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Structure and Routine

Another area of concern for sports physical therapists when it comes to an athlete’s structure and routine is the athlete not having any at all. While I was a PT with the Twins, I saw this issue arise consistently. Guys had no idea how many throws/swings they would rack up in a day or week. What’s worse, they had no concept of relative intensity. The result? 


Spoiler: they’d spend a chunk of the season in rehab with me treating some of the most common baseball injuries. 


But what does relative intensity even mean? Relative intensity means alternating the amount of stress/work in any given training day. The scientific term for this is undulation. 




Imagine a professional pitcher building up for the season. Instead of throwing a max effort bullpen every day, many professional relievers structure their week like this:


  • “Day before” (a light day in preparation for the heavy day)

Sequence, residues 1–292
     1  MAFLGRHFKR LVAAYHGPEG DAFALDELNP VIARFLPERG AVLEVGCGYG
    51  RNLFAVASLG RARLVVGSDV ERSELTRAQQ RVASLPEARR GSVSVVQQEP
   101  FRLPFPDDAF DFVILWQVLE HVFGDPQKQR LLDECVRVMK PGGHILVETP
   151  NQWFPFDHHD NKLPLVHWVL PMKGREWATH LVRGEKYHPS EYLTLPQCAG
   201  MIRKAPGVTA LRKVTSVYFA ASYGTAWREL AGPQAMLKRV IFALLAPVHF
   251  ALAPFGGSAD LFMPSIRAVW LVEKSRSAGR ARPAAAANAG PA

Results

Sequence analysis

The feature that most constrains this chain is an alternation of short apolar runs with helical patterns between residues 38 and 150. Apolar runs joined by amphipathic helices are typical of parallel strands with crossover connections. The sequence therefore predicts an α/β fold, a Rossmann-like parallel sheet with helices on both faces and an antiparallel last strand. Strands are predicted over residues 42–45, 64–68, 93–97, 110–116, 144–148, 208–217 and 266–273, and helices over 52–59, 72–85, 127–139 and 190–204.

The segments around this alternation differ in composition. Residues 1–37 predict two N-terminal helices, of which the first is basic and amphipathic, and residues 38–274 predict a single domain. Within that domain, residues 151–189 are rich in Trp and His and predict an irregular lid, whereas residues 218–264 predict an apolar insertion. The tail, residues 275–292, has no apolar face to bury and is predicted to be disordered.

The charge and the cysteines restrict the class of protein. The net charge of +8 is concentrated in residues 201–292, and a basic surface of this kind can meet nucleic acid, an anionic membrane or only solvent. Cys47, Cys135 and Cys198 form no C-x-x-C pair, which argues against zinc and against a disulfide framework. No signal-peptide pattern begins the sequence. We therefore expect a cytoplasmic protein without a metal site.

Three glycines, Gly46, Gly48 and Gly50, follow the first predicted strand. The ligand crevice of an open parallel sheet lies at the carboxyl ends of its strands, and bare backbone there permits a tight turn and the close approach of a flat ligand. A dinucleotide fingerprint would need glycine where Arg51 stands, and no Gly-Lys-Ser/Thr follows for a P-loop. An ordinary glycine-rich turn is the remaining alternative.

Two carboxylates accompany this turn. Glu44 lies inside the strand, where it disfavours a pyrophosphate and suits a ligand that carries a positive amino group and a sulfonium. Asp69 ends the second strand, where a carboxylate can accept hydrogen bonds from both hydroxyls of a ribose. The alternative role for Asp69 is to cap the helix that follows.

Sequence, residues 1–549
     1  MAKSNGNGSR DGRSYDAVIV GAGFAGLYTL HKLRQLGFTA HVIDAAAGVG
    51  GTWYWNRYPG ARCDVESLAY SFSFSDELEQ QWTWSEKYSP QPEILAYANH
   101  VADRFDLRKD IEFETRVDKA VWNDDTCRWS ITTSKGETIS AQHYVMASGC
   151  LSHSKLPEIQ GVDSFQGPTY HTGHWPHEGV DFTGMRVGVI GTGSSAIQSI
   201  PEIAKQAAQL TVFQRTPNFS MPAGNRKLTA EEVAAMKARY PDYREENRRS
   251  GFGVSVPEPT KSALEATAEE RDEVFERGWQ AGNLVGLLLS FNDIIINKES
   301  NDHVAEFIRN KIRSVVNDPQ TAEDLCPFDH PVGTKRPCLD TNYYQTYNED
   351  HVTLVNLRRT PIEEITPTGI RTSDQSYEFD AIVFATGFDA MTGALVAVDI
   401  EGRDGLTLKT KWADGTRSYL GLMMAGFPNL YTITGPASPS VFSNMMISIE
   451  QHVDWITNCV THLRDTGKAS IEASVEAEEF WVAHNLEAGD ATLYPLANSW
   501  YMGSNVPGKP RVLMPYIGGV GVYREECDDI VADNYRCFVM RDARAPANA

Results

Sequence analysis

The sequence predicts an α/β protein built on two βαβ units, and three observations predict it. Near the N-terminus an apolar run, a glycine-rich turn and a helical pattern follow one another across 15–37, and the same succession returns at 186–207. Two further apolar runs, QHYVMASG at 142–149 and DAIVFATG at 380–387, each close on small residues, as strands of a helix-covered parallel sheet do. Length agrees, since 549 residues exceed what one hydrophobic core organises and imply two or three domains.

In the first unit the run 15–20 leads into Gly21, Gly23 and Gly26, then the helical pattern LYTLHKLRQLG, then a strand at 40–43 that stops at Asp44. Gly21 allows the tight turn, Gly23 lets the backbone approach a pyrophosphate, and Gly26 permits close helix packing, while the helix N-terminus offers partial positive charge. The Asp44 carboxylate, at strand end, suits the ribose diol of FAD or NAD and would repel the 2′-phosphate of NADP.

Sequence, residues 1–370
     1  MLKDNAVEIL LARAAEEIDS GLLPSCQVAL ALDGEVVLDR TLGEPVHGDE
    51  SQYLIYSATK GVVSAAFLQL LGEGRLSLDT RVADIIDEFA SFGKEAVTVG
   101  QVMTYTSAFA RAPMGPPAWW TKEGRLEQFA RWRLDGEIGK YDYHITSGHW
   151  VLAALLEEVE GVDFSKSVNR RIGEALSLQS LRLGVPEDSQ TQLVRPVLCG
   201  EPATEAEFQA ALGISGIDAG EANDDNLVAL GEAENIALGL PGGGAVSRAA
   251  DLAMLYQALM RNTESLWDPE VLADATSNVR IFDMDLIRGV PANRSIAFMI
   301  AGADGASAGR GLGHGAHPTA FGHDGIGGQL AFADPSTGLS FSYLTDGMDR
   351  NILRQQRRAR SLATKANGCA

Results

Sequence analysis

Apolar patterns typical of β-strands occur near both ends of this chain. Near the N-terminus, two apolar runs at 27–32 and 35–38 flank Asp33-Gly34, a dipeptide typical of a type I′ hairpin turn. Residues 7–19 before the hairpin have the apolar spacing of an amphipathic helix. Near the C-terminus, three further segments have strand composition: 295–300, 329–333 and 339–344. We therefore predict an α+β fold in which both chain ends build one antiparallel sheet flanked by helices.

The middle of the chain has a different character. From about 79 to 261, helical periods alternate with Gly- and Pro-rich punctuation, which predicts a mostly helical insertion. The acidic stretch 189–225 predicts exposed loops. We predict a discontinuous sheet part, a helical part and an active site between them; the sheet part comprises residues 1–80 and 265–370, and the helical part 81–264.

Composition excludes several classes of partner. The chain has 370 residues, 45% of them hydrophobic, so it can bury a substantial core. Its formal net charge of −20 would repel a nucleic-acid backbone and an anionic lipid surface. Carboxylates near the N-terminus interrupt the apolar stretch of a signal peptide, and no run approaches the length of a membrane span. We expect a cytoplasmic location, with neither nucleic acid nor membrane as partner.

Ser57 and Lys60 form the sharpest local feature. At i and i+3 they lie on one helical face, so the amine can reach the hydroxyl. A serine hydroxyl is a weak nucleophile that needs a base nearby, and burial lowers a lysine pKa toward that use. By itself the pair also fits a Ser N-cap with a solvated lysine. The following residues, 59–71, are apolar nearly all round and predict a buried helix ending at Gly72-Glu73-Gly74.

• “Day of” (bullpen or heavy day)

  • “Day after” (a medium intensity recovery day)


Below is a very basic template of how a pro reliever structures his work week coming back from an arm injury. This obviously depends on several factors - especially the rotation - but the idea is to separate work days into light/medium/heavy intensity. As with everything there are caveats and exceptions. However this is generally how to get the most out of training and prevent the most common injuries in baseball:

This applies to position players, too. You should not be long-tossing and taking 300 swings on one day, lifting heavy the next day, then playing in a double-header on the third day. 


Undulation prevents injury and improves performance because it allows for your tissues to heal and for your brain to process new skills. Your training should be like a predictable roller coaster - not a never ending NASCAR race. 

What’s the Point?

You may be thinking “Edwin, all of this research is based on injured guys. I’m healthy.”




When a baseball player is injured, physical therapists and athletic trainers follow all of these concepts to get them back on the field. Why wait until you’re injured to take advantage of all this knowledge?

Here’s what you’ve learned so far to prevent shoulder and elbow pain as a baseball player:

  • Get at least 8 hours of sleep

  • Dial in your diet and hydration

  • Find good mental headspace

  • Don’t red-line your workouts every day

  • Create a predictable roller coaster-like routine
Edwin Porras
Post by Edwin Porras
Mar 14, 2024 4:06:32 PM